Netskope takes a $340 million round, is valued at $3 billion

Netskope takes a $340 million round, is valued at $3 billion

Cloud access security broker Netskope Inc. last week closed a $340 million investment led by Sequoia Capital Global Equities, giving the company a reported valuation of about $3 billion.

Within the cybersecurity sector, Netskope, founded in 2012, is focused on secure access service edge (SASE) and cloud security. The company’s Security Cloud product gives the enterprise visibility and real-time data and threat protection when accessing cloud services, sites and apps from any device.

Company executives have no specific plan for the series G money, according to a report in TechCrunch. In fact, it could be argued that a round this big was done more for marketing.

Money being the best endorsement, Netskope can now point to legendary Silicon Valley venture firm Sequoia (a new investor in the firm), which has stepped up for Apple Computer Inc., LinkedIn, Nvidia, Oracle Corp. and PayPal.

Prior investors contributed to the latest round, too. They included Lightspeed Venture Partners, Accel, Base Partners, Sapphire Ventures, Social Capital, Geodesic Capital and Iconiq Capital.

Lightspeed lead the previous round, closed in Nov. 2018, with $168.7 million. Netskope was valued at $1 billion after the series F funding. With the latest round, the company has raised a total of $740m, a hefty amount by any measure.

Last week, Netskope announced a partnership with German cloud data protection gateway vendor eperi. Eperi’s gateway encrypts information before it is transferred to the cloud.

With their complementary product lines, the companies are building on Netskope’s security cloud while giving customers the ability to further encrypt or tokenize data.

Analysis: Netscope’s NewEdge

Netskope is a not a traditional appliance-based security provider selling more boxes to protect company data and applications. The company’s offerings were designed as a cloud-first security provider. It is typically characterized as a provider of Cloud Access Security Broker (CASB), which provides enterprises the ability to monitor and enforce policies for access to cloud services like Box, Office 365, Google G Suite, and AWS-based applications.

A traditional appliance-based model for security would mean an enterprise customer would deploy an appliance in the data centers where the applications are hosted. However, in a world where both the cloud applications and users are dispersed geographically, that deployment model no longer makes sense. Netskope does the heavy lifting of installing and running its software in many data centers around the globe as a way to mitigate performance and scale issues with the appliance-based model of security services.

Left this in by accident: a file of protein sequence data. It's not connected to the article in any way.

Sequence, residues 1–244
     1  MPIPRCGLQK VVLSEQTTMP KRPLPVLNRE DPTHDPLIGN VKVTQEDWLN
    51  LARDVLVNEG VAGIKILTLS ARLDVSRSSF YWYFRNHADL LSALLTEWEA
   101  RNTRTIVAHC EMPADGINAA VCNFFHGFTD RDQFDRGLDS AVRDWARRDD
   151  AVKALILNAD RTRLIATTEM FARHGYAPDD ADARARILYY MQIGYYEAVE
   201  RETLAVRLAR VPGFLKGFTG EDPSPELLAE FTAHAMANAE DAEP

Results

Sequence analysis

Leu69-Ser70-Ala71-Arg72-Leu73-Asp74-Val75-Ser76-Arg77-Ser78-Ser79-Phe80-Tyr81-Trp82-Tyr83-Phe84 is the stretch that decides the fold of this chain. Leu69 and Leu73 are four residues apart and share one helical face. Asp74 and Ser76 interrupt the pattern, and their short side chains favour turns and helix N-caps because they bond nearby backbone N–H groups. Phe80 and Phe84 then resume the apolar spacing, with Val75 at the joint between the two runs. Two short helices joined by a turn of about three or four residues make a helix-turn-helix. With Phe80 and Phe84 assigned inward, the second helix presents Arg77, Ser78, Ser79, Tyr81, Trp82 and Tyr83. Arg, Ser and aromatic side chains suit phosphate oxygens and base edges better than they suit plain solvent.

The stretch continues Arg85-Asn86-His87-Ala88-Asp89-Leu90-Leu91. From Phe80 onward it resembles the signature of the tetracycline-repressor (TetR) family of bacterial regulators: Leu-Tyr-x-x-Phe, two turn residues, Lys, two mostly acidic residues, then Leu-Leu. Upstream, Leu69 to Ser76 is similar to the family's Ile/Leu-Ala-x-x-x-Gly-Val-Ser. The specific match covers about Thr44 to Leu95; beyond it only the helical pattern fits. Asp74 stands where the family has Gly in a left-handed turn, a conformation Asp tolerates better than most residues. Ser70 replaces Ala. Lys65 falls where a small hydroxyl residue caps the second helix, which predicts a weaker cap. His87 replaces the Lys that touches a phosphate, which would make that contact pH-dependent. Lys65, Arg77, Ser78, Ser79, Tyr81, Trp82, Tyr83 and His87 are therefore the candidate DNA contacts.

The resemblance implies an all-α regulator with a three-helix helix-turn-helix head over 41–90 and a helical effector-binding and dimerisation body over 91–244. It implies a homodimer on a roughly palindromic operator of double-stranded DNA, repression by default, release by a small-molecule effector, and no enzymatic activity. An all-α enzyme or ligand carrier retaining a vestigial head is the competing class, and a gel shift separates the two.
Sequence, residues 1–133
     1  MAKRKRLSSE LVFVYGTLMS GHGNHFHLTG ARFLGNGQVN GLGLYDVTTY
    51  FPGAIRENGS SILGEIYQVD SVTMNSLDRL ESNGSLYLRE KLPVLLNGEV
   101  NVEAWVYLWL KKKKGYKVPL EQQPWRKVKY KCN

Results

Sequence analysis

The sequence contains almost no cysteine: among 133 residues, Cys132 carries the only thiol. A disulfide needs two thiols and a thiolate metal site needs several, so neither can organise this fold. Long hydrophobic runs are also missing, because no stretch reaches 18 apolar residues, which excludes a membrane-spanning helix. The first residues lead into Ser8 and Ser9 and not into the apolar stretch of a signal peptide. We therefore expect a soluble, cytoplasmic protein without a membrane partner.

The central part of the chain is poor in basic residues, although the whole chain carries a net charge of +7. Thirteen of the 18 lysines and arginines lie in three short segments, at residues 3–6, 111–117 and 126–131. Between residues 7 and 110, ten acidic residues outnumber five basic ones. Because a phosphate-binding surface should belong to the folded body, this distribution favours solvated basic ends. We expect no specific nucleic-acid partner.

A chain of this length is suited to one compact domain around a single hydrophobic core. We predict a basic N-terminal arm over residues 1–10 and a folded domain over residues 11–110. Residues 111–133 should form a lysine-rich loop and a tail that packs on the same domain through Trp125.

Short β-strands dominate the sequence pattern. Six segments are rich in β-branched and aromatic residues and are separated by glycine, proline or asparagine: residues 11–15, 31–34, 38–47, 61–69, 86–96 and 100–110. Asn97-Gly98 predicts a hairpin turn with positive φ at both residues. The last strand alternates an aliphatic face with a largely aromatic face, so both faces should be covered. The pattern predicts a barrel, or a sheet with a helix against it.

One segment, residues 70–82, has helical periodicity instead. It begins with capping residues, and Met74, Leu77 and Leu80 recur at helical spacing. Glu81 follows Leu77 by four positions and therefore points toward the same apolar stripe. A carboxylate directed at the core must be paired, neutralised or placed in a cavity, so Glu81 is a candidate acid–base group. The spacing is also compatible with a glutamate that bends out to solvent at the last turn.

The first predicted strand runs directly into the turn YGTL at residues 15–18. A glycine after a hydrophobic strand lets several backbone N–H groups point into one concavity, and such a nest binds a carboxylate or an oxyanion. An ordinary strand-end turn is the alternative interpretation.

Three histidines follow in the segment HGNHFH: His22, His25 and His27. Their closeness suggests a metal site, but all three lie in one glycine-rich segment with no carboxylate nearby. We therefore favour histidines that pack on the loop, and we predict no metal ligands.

Of interest to the edge computing question, Netskope last year detailed the compute and network platform it has built to support its offerings. The company outlined a deployment of 50 POPs (points of presence) and interconnection of its network with cloud providers at key network access points. This aggregation edge architecture (which the company calls NewEdge) is similar to that of a content delivery network provider, for instance, except that instead of using the platform to send content (files, videos, and web objects) to users, the platform is a “broker” that sits proximate to the user and inspects requests to see if they fit into approved policies.

NewEdge enables Netskope to move beyond its CASB roots into secure network access services with the recently introduced Private Access service. The melding of network access and enterprise application brings it the market for Zero Trust solutions where it faces competition against network service providers like CenturyLink, AT&T, and Verizon as well as CDN/cloud-based security services providers like Cloudflare and Akamai, and SD-WAN providers like Aryaka, Cato Networks, and Fortinet to name a few of the potential competitors.

Netskope’s NewEdge is just one of a number of security and network service companies using edge computing deployment architectures to better address performance and security needs as compared to traditional centralized data center deployment models. The large round of funding shows investor confidence in its business model and architecture, and should help other companies follow its lead.

Jim Davis, Principal Analyst, Edge Research Group

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